The Blizzard of Sixty Six
W. D. Ehrhart
Snow came early here, and hard:
roads treacherous; wires down.
School authorities should have cancelled
the annual high school Christmas dance:
two couples died on the way home.
"Tragedy," the local papers declared,
but the snow kept falling.
Somewhere in a folder in a file
is a photograph of me in a uniform:
one stripe for PFC girl in a yellow gown.
I took her home through the falling snow,
kissed goodnight, and left for Asia.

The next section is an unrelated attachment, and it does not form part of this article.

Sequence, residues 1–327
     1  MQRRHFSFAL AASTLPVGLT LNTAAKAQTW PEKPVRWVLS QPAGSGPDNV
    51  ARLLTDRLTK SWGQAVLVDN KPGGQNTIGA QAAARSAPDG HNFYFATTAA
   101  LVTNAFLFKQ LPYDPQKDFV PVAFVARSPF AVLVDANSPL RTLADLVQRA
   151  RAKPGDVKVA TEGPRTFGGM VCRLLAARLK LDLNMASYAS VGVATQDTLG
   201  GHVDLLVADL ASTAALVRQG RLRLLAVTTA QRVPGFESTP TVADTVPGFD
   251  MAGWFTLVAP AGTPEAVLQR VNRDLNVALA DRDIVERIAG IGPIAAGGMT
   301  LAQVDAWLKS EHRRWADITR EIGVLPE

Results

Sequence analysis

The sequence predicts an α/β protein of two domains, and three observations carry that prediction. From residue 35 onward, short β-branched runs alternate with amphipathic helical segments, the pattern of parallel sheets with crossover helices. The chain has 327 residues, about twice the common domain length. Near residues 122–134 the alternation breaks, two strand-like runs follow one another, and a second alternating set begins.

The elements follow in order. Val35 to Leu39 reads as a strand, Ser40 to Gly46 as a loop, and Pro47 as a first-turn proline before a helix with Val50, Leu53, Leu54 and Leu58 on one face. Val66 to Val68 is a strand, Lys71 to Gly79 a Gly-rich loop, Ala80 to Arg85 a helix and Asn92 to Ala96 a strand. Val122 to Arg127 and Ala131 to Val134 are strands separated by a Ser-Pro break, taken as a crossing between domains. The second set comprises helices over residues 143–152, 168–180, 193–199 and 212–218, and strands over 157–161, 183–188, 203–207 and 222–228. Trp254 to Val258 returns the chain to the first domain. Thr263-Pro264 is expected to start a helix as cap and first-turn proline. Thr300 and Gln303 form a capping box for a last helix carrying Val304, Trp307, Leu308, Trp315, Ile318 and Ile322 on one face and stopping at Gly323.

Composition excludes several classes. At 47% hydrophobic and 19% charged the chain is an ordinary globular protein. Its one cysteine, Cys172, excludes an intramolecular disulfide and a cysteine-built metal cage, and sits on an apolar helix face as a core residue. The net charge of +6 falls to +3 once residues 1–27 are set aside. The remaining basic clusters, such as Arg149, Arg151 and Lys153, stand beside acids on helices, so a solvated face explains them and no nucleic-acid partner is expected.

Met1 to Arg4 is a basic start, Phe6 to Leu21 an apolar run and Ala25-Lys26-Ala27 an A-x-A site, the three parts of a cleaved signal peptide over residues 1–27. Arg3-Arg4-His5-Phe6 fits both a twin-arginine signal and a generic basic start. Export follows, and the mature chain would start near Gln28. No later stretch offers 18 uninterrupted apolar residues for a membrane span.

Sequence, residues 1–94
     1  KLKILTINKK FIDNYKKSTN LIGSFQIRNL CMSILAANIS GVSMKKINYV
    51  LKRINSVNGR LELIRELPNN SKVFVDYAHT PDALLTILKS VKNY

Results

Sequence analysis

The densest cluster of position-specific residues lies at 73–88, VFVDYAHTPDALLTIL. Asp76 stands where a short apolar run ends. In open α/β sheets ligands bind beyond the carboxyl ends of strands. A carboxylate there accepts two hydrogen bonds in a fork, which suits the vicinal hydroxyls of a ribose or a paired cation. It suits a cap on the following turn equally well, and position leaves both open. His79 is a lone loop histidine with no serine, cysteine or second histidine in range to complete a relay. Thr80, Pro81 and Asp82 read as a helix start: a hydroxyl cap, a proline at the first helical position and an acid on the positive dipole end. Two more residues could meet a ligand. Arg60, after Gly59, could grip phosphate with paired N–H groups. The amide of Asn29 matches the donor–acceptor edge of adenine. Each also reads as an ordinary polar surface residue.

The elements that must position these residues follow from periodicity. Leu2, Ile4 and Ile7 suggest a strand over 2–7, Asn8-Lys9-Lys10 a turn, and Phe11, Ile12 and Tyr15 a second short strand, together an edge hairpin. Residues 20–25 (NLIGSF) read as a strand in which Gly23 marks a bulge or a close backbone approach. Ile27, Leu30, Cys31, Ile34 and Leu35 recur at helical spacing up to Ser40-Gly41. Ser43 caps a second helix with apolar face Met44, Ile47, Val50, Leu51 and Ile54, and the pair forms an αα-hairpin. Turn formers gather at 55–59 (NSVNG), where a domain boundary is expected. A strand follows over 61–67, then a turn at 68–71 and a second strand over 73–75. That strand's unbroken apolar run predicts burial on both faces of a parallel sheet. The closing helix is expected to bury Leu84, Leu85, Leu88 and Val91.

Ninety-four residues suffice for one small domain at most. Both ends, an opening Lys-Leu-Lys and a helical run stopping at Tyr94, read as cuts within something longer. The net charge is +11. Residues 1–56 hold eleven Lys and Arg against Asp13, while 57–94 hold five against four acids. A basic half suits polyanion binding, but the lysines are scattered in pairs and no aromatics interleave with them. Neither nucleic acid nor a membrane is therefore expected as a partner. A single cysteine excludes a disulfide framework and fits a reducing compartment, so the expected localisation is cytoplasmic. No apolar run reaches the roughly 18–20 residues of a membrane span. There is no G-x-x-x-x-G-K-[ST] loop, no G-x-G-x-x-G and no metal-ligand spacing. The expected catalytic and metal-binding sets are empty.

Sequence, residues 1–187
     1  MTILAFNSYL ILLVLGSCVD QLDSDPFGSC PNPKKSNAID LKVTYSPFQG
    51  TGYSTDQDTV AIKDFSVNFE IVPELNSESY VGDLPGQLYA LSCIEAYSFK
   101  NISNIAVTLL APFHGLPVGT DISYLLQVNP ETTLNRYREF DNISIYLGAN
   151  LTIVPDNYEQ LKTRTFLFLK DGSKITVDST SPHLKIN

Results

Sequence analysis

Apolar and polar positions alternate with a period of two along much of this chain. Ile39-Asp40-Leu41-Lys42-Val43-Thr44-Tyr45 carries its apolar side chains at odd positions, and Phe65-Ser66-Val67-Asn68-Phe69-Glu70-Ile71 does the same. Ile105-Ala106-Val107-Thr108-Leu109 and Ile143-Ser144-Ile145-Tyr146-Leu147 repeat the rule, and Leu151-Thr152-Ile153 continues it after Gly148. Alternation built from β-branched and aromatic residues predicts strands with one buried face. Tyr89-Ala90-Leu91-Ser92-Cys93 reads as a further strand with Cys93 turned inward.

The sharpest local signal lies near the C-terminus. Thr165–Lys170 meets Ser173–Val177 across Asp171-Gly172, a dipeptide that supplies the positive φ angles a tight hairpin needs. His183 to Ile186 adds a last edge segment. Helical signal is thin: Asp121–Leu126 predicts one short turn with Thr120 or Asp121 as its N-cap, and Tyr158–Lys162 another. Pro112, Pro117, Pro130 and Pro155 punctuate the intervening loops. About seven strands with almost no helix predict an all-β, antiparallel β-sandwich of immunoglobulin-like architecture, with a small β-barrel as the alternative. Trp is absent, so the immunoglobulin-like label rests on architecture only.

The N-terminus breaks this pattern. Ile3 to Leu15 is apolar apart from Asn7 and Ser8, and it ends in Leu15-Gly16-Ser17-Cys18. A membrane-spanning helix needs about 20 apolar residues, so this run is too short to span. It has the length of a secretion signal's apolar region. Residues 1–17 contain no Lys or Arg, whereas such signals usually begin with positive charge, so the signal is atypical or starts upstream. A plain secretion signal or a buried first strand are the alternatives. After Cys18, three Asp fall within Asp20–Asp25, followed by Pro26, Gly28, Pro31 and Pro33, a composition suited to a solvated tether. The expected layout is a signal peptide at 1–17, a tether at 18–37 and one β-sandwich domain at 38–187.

All through that year, snow
fell and fell on the green rice,
on gray buffalo, thatched huts, green
patrols, and the mounting yellow dead.
Randy, class of '65, died
of permanent cold in the Mekong Delta;
Kenny, class of '66, died in a blizzard
of lead in the Central Highlands;
I came home with permanent chills,
the yellow nameless dead of Asia
crammed into my seabag, and all of us
looking for a reason.
We never found one. Presidents
come and go like snowdrifts
in driveways; generals come and go;
the earth goes on silently turning
and turning through its seasons,
and the snow keeps falling.